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Adair County Democrat: Friday, August 9, 1929 - Page 1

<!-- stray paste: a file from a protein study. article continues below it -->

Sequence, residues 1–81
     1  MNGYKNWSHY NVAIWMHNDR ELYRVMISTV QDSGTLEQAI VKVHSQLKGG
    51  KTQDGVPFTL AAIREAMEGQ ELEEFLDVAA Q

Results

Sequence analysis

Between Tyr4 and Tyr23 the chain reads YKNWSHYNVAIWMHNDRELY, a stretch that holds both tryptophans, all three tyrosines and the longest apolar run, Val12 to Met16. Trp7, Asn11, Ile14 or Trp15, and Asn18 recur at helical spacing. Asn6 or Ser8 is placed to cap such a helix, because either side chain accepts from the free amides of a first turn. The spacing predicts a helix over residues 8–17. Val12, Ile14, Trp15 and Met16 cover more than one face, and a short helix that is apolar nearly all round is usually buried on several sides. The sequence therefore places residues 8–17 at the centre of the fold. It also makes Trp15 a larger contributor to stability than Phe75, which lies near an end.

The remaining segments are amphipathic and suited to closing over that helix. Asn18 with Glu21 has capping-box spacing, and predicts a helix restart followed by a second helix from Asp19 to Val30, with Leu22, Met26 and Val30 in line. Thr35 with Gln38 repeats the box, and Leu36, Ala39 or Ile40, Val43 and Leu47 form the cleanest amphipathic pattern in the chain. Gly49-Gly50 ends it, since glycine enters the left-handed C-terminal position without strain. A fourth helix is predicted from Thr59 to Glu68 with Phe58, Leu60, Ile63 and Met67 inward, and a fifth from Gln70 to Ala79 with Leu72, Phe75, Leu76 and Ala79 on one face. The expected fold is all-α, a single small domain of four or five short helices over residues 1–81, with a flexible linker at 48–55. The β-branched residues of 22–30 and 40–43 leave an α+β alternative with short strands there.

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   Adair County Democrat (Newspaper) - August 9, 1929, Stilwell, Oklahoma                                IThis Weekl Bf Arthur Brisbane BACK TO STOCKINGS. AMERICAN PROSPERITY. HOW MUCH FOR FARMERS? WITHOUT HOPE. Manufacturers of silk and other stocking hope fthat advertising fwSll enable them to drive out the "bare leg craze, now afflicting lovely women." Moralizing appeals to modest refinement won't do. Bare legs must banished, as the almost universal habit of chewing tobacco was banished by public opinion. Make women realize that an imitation of a butcher shop is not artistic and they will go back to stockings. ADAIR COUNTY'S LEADING NEWSPAPER VOLUME NUMBER 32. STILWELL, OKLAHOMA,    FRIDAY, AUGUST 9, 1929. NUMBER 27. LOAGL DEALER TELLS OF FORD Says 40 Per Cent Of All Cars Sold Are Model A Fords; Million Built In Five Months. COUNTY AGENT PLANS SEPTIC TANK DISPLAY College Men To Be Here August 28 To Help With Septic Tank Demonstration. Calvin Coolidge, tanned, smilipg, beaming with health, is enthusiastic about American prosperity. He well may be. Money is made rapidly here. Three years ago an investing company was formed with $6,500,000. Now it issues $24,000,000 in six percent preferred stqck, and shows profits of over $4O,O0O,t)O|). .NeveVtheJees, DON'T GAMBLE. That advice is probably useless.. The public agrees with the distinguished Mr. B. Baer, who says: "If we cannot get our faces on Government money, the next best thing is to get your hands on it." Too many believe that gambling is the best way to get your hands on it. "Forty per cent of all cars sold are Model "A" Fords, and 1,000,000 of them were built between Feb. 4 and July 24, 1929," said Jim Worsham, manager of the Fletcher Motor company here. According to an advertisement carried in this issue of the Democrat, the first Model "A" Ford was built Dec. 3, 1927.  The millionth was built Feb. 4, 1929, and the two-millionth was built July 24, 1929. Henry Ford states that the next million will be built in less than six months time and he does not say exactly how much less but expects to cut down the present record of five months and 20 days by the use of new time saving machinery. The local agency has been selling new cars about as fast as they can get them and Mr. Worsham says that he looks forward to even better sales during the fall months. Farmers are told that the value~ of this year's wheat crop has increased $364,000,000 since June 1. How much of that the farmers will get, how much middle., men, and especially wheat gamblers, will get, nobody knows. Farmers might hire an intelligent wheat speculator to sell their crops for future delivery when prices are high. As it is they wait until the wheat is threshed. Then the price is lower. Present estimates show that the four big crops, wheat, corn, oats, and rye, are worth $3,545,000,000, in increase of more than a thousand million dollars in two months. B. E. White,and W. H. McPheeters of the A. and M. college will be here August 28 to assist in a septic tank demonstration which will be held at the B. A. White farm. Mr. White is building a septic tank under the direction of the extension department of the Oklahoma A. & M. college and expects to have it almost completed on the 28th when the general public is invited to be present to Bee how it is built and the advantages of this form of sewer disposal. It is expected that on the same date a demonstration will be held on the Johnny Keene farm on installing a home water system. Get in touch with Mr. Hayman if you are interested in either of these projects and he will give you full information on the time and the place of each of these demonstrations. CHEESE FACTORY TO START SEPT. I, OFFICIALS STATE Will Locate Factory in Young Building; Expect to Start The Work Monday. The Cheese Factory committee of the local Chamber of Commerce closed a deal late Thursday afternoon with King and Knott of Siloam SpringB to put a cheese factory in operation in Stilwell by September 1. . Under the terms of the contract the people of Stilwell and surrounding country will furnish the men with a building and a bonus to induce them to bring their machinery here arid put the plant in operation. A sufficient amount of money has been raised by the committee to buy the Young building and work will be-(Continuetd on last page) HAYMAN TO ACCOMPANY MEN TO STILLWATER SCHOOL OPENS AT UNION GRADE NO. ONE MONDAY WITH BIGJNROLLMENT Eighty Pupils Enroll at Central High School of Union: Grade - �  - � District. A savage outbreak of convicts in New York's Clinton prison is easily explained. Too many "life" and "long term" prisoners were herded together. Such prisoners are willing to risk death because they are hopeless. Lacking hope, and its courage, you have a bad situation. Goethe said: "Money lost, SOMETHING lost.**� "Honor lost, MUCH lost.*** "Courage lost, EVERYTHING lost, better you were never born." A MISTAKE For the past few days one of the men in our town has taken it upon himself to spread the news up and down the street that the "Chapters" appearing in the Democrat are being rwitten by someone outside Jthe Democrat office. This propaganda is being spread simply and purely for the purpose of breaking the confidence of th'e people in the work that the Democrat is donig. We are getting a little too close to some things for the comfort of some people and they get back at us in this manner. Our readers might be interested in knowing that our articles are being oopied and commented on all over the state. To say the least, we have courage enough to sign our, articles and not credit them to "A Citizen." We are only giving facts and when some man to whom, we have not referred takes it upon -himself to discredit the work we are doing, it seems that he must have something to cover up. It is not that we don't want anyone "stealing our thunder," but we simply want to assure our readers that every single statement and figure given are facts that we have looked up ourselves in the county records, and any report to the effect that any person outside the Democrat office is writing these articles ip a malicious lie circulated purely for business and political reasons. OLIN PERKINS, Editor Under the guiding hand of E. M. Castle, the new superintendent and Smith-Hughes teacher, Union Grade No. 1 opened" Monday morning with an enrollment of about 80 pupils. 25 were enrolled in the high school department and the others in 'the grades. The enrollment at the other grade schools that make up the district had not been reported Teachers at the central school are Mr. and Mrs. E. M. Castle, Miss Gladys Scofield, and Miss Merrill Ribss. Miss Roxy Thurber is the teacher at Bunch; Mrs. Led Girdner at Dry Creek and Miss Angelina Mays at Lyons. Miss Mays has a couple more weeks at the normal before she can start and her father, Bill Mays, is substituting for her. Mr. Castle is well satisfied with the outlook for the coming year and feels that they will be able to accomplish a great deal during this term. --: REV. GEORGE WILSON George Wilson, veteran Cherokee Baptist minister and missionary, passed away Wednesday afternoon at his home 8 miles east of Tahlequah in the Briggs or Cedar Tree community, after an illness of almost a year. He spent his entire life in this county, where he devoted his time to fanning and the ministry of the gospel. . He leaves a wife and four children, with many other relatives. He married Susie Groundhog thirty years ago and through all the years was a faithful helpmate to him. For 15 years he was missionary of the Cherokee Baptist association, giving up his work only when his health failed. Three years ago he was moderator of the same body. Besides his church work he took considerable interest in school affairs, having served on the school board in the Briggs district for some five years. He was a trusted member of the A. T. Association. . He was interred in the Cedar Tree cemetery Thursday afternoon. Funeral services were conducted in the church by Revs. Frank Justice and J. C. Hen-drick.-Tahlequah Republican Star. ---- REP PAINT Red Paint jhais been splashed all over the front of the Palace Barber shop, Glassley's shoe shop and the Fletcher Motor company... Kirnsie Wade and Henry Lee seem to lie painting the town red-but it helps .the looks of the places a lot. Lets have more paint, be it red, white or blue, just so if 8 paint. �----.. . . Mrs. P. C. Woodruff, Sr., was in Fort Smith last Friday. CHAPTER FIVE BY THE EDITOR As the "Adair County Unofficial Organ," we have thiB week a little information that is not found in the Commissioner's proceedings as published in the Official Organ. Most of us innocent taxpayers think that when an item is marked "disallowed" in the commisioner's report that it ends right there, but upon investigation I find that it is. only the beginning of where the taxpayer pays and pays. .--V- The man who has the dteiuOjfrtd claim goes before a Justice of the Peace and brings suit againstthe county. The county attorney, may or may" not-put up a srre&tS* argument to defends the._ county., pocketbook, but the Justice almost invariably arises from a state of semi-consciousness at the close of the hearing and signs, dates and puts his official seal on a judgment against Adair county. To this judgement is attached the cost for the Justice court and for the district court when it is fijed in the court clerk's office. When the suit is brought in the county court only one cost is added. In some instances I found where the attorney fee had been added to the judgment and had been given the official sanction of the judge. We give below a list of judgments filed on the District and County Judgment docket that have been gotten in our courts during the last fiscal year. July 7, 1928...Jack Cornett, constable fees ....................8.86.77 July 10, 1928.   S. M. Crocker, J. P. fees ..................   79.80 July 14, 1928.   Charley Cordrayj J. P. fees .................. 133.83 July 21, 1928.   Jack Cornett, constable fees  ................   35.95 Aug. 24, 1928. . Russell Grading Co....................... 110.15 Oct. 20, 1928.   George McKee, constable fees ..............   69.95 Nov. 16, 1928.   George McKee, Constable fees ..............   53.70 Nov. 26, 1928.   S. M. Crocker, J. P. fees .............,......   14.95 Aug. 22, 1928.. .S. L. Swepston, fees        ..................... ' 19.00 Jan. 26, 1929.   George D. McKee, constable fees ..............   62.50 Jan. 9, 1929.   F. A. Blanck ................................ 231.30 Jan. 26, 1929.  Jack Cornett, constable fees ..................   69.40 Feb. 15, 1929.  Tom McCasland ............................ 127.20 Feb. 13, 1929.  S. M. Crocker, J. P. Fees.......................   13,65 Jan. 24, 1929.  H. B. Shell, constable fees ....................   18.30 March 12, 1929.   J. C. Choate............................   34.80 March' 13, 1929.  Tom McCasland ........................ 22(1.26 March 13, 1929.  Tom (McCasland, ........................   2*1.75 March 6, 1929.   George McKee, constable fees..............   28.15 April 9, 1929.  Tom McCasland ............................   70.97 April 8, 1929.  R. B. Worsham, J. P. Fees ..................   22.20 March 6, 1929.   R. B. Worsham, J. P. fees ..................   68.45 April 8, 1929.   G. R. Dannenberg, constable fees ............   27.30 April 8, 1929.   G. R. Dannenberg, constable fees ............   80.25 May 25, 1929.  First National Bank .._____...................   97.80 Jan. 24, 1929.  G. R. Dannenberg, constable fees ............   32.95 March 25, 1929.   G. R. Dannenberg, constable fees ..........   40.90 Jly 14, 1928.  J. R. Mayberry, constable fees ................   132.00 April 24, 1929.  J. R. Mayberry, constable fees ............   62.80 April 24, 1929.   Charles Cordray, J. P. Fees ................   41.10 Sept. 17, 1928.  J. C. Choate  ...........   ................. 301.90 July 2, 1928.   News-Dispatch Printing -Co., Shawnee ........ 957.67 Jan. 9, 1929.  F. A. Blanck, ..............................   228.30 April 4, 1928.  Grover L. Alberty, .......................... 534.10 April 4, 1929.  Tom McCasland ............................ 255.40 April 10, 1929. : Tom McCasland ............................ 217.65 April 10, 1929.   Grover L. Alberty ..........................122.79. May 14, 1929,  Tom McCasland ............................ 441.77 May 14, 1929.  Grover L. Alberty.......................... 116.58 June 11, 19?9. Tom McCasland ............................ 332.70 July 2, 1929.   Grover Alberty................................ 131.50 July 8, 1929.  Tom McCasland.............................. 316.54 Nov. 8, 1928.  J. C. Choate................................. 283.35 Jan. 8, 1929.  J. C. Choate ____,.............................. 265.50 TOTAL JUDGMENTS FOR YEAR ......................$6722.18 The county attorney says it is illegal for a lawyer to add his fee to a judgment, but some judge signed a judgment or two with attorney fees added. We taxpayers have to dig up that extra $6,722.18 within the next three years with interest at 6 per cent added. It's mighty hot to begin digging that out but unless something is done about it we will have about that much more next year. WATCH FOR THE NEXT INSTALLMENT IN AN EARLY ISSUE OF THE ADAIR COUNTY DEMOCRAT "The Unofficial County Organ." Asks Others Who Care To Go See Him And Arrange For Transportation. To County Agent Harry B. Hayman will leave Monday morning for the A. and M. college at Stillwater to attend Farmers Week which will be i" session from August 13 to 17. Several farmers have already made arrangements to accompany him and others are expected to make the trip. Hayman asks that all farmers who are interested to get in touch with him this week and he will trp to arrange transportation and get them a room at the college. An exceptionally good program is being arranged for the farmers this year and those in charge of the affair are looking forward to a record attendance. Practically the only expense attached to the trip is the transportationaover there and meals while there. STILWELL GETS HEAVY RAIN AND WINDSTORM Severe   Electrical  Storm  and  High Winds Accompany Season's Hardest Rain. 1 LEW WENTZ SAYS OKLAHOMA FIRMS DID NOT BID LOW Chairman of Road Commission Com-Ments on Threats of Suit By Company. OKLAHOMA CITY, Aug. 5.-Oklahoma cement companies have refused to give the state as good a price as do individuals, Lew Wentz, chairman